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We all love cheap stocks.
In fact, it is a Wall Street catchphrase that everybody loves to throw around.
Rarely does anyone actually define what a cheap stock is when they use the phrase. There are several ways we can use the word cheap.
On price alone, a cheap stock might be one that trades below the penny stock cutoff of $5 a share.
We could also use "cheap stock" to describe a company that is trading at a low valuation measure. This could be the price/earnings (P/E), price to book value (P/B), or price to free cash flow (P/FCF).
It could be a company whose P/E ratio was less than its earnings growth rate. If analysts expect a stock to grow earnings over the next several years by 20% and the current P/E is just 10, then that company could be considered cheap based on a low price/earnings growth (PEG) ratio.
If we can properly define cheap stocks, we can build a universe of opportunities that might result in massive profits. If we can find cheap stocks that recover from whatever forces drove down the price in the first place, there could be enormous profit opportunities. If we can identify small, cheap growth stocks that are not yet recognized by the market, that could also result in life-changing gains...
Let's use all three types of variables to define cheap. We will start with stocks trading between $5 and $10 a share. Stocks trading under $5 are considered penny stocks, and we can address those another day.
Now to keep it simple, we will use the most widely known fundamental variable. We will limit our search to just those stocks trading with a P/E below 10.
We will only include profitable companies where the market is undervaluing future growth prospects. We only want to look at companies with a PEG ratio under 1 in our search for cheap stocks.
And finally, we will only include dividend-paying stocks. No one knows how the coronavirus will impact the markets as the spread accelerates part of the nation. Dividends could help soften the blow.
You'll Recognize This Cheap Stock from Your Office
ACCO Brands Corp. (NYSE: ACCO) is an interesting company. ACCO has faced headwinds from the trend towards a paperless society.
While it is true that the world is increasingly digital, we are far from anywhere close to a paperless society.
ACCO sells school and office supplies, and despite the criticism, that is a business that is a very long way from death's door.
ACCO trades at $6.30 a share, giving it a P/E ratio of 5.5 and a PEG ratio of 0.56. That makes it a cheap stock across every definition. Plus, the dividend yield at the current price is 4.02%.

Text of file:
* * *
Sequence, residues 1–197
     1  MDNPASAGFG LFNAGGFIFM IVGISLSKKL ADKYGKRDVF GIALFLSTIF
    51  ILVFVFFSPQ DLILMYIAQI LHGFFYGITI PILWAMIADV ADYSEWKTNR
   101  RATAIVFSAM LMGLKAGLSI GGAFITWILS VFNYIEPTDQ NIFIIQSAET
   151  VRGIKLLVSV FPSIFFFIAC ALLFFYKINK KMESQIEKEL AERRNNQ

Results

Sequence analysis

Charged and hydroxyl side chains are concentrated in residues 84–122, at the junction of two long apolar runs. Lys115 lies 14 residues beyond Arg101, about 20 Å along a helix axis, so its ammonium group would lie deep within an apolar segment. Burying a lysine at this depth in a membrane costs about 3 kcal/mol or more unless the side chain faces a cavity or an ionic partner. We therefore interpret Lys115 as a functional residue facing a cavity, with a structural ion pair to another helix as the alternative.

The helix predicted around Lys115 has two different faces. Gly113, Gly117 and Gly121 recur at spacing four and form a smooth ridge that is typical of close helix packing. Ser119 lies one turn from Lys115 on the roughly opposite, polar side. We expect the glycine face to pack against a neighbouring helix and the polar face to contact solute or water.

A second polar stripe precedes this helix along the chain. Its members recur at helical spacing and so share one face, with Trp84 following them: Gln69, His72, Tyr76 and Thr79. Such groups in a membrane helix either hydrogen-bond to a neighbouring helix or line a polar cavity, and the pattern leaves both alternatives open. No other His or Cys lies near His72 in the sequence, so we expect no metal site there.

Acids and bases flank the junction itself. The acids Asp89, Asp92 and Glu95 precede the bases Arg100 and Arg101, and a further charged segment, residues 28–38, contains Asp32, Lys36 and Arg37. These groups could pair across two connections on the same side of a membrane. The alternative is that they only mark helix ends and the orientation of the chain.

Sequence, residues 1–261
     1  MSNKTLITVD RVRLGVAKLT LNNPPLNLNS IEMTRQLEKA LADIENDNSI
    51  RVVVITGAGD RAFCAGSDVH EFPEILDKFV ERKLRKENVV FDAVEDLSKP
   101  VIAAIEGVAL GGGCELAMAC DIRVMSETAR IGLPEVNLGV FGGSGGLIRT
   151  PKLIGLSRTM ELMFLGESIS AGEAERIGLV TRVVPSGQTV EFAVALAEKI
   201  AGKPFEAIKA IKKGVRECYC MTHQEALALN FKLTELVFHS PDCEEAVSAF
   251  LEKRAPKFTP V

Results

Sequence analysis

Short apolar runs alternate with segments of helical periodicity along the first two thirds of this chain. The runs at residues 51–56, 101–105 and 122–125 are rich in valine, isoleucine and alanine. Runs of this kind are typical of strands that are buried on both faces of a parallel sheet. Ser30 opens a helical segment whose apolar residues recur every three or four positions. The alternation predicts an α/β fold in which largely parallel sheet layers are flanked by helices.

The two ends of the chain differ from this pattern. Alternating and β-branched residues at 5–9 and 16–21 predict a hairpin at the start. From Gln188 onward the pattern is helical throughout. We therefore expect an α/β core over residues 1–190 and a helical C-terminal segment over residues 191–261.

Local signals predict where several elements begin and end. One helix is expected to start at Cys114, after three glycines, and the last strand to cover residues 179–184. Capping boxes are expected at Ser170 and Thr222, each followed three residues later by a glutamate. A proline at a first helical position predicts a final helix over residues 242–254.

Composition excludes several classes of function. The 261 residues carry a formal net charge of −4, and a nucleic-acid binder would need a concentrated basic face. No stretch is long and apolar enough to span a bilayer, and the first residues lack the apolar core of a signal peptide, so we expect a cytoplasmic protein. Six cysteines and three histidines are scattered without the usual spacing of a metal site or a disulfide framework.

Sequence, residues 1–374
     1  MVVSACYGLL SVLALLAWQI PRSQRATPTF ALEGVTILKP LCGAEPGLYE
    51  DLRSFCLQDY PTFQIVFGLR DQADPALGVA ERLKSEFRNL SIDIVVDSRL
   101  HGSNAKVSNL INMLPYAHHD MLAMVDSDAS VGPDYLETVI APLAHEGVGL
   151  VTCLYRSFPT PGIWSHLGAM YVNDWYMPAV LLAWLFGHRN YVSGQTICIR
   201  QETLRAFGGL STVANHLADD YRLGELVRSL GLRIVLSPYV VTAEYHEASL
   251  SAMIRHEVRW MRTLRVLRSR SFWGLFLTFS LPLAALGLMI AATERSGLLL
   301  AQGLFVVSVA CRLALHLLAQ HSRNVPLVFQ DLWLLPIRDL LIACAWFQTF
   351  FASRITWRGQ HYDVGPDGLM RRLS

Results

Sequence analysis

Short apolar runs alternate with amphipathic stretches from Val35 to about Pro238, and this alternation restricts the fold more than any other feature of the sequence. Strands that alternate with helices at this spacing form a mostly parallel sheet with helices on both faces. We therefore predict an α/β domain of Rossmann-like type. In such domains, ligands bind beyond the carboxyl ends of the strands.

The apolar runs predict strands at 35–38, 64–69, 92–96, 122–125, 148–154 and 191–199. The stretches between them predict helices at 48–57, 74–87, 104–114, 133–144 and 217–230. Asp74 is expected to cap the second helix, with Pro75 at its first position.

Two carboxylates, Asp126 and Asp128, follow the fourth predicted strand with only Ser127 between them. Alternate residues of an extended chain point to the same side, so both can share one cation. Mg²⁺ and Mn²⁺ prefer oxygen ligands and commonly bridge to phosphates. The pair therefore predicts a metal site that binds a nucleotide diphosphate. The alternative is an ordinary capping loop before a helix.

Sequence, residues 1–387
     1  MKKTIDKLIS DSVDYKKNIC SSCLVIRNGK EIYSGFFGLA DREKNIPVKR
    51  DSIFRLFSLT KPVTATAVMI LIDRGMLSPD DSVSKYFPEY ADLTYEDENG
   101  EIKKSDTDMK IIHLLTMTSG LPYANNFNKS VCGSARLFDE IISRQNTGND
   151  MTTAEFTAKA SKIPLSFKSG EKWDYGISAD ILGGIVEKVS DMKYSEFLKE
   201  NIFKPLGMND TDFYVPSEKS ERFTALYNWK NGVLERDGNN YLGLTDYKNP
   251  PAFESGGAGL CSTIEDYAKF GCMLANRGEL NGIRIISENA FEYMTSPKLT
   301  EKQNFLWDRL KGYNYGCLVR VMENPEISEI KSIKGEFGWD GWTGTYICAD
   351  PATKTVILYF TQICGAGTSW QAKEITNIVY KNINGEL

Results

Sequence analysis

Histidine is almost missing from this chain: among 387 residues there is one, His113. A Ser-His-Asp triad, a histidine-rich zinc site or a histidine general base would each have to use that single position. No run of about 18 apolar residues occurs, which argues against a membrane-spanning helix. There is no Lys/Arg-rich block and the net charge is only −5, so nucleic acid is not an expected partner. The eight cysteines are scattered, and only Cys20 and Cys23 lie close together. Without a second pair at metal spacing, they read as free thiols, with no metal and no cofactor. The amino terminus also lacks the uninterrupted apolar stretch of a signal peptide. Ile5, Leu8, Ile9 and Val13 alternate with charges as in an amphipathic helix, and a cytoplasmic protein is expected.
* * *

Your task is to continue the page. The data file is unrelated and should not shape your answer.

The company has a market cap of $623 million. It is exactly the right size and the right kind of company that is vulnerable to takeover by a private equity fund.
Canada's Top Civil Construction and Mining Contractor Is a Steal
North American Construction Group Ltd. (NYSE: NOA) is a Canadian Construction Company that works primarily for oil and gas companies.
You don't need much of an imagination to realize that COVID-19 has put the brakes on a lot of building activity in the industry.
North American has been around for more than 65 years and has seen difficult operating environments during that time. It survived all those and are likely to survive this one as well.
It helps that North American finalized and delivered three major projects before the worst of the pandemic exploded.
The debt load was reduced as well. The company's 5.50% convertible debentures due March 31, 2024, were redeemed per the original terms.
Management thinks the stock price is cheap. It announced a normal course issuer bid (Canadian for stock buyback) to purchase for cancellation up to 2.3 million common shares. This represented approximately 8.3% of the outstanding shares of the company.
Shares of North American Construction Group traded at twice the current stock price when the pandemic hit, and there is no reason they cannot return to that level quickly when this is all over.
The company has a P/E ratio of 5.1, and the shares trade for $6.23 right now. The PEG ratio is 0.47. The current dividend is 1.91%.
But our top cheap stock is an even better opportunity.
And there's absolutely nothing cheap about its clientele...
The Best Cheap Stock to Buy Now Is the Bank for the Wealthy
About the Author
Garrett Baldwin is a globally recognized research economist, financial writer, and consultant with degrees from Northwestern, Johns Hopkins, Purdue, and Indiana University. He is a seasoned financial and political risk analyst, with a focus on stocks, hedge funds, private equity, blockchain, and housing policy. He has conducted risk assessment projects for clients in 27 countries, and consulted on policy and financial operations for some of the nation's largest financial institutions, including a $1.5 trillion credit fund, a $43 billion credit and auto loan giant, as well as two of the largest Wall Street banks by assets under management.
Garrett joined Money Map Press as an economist and researcher in 2011, specializing in alternative strategies with an emphasis on fundamental and technical analysis.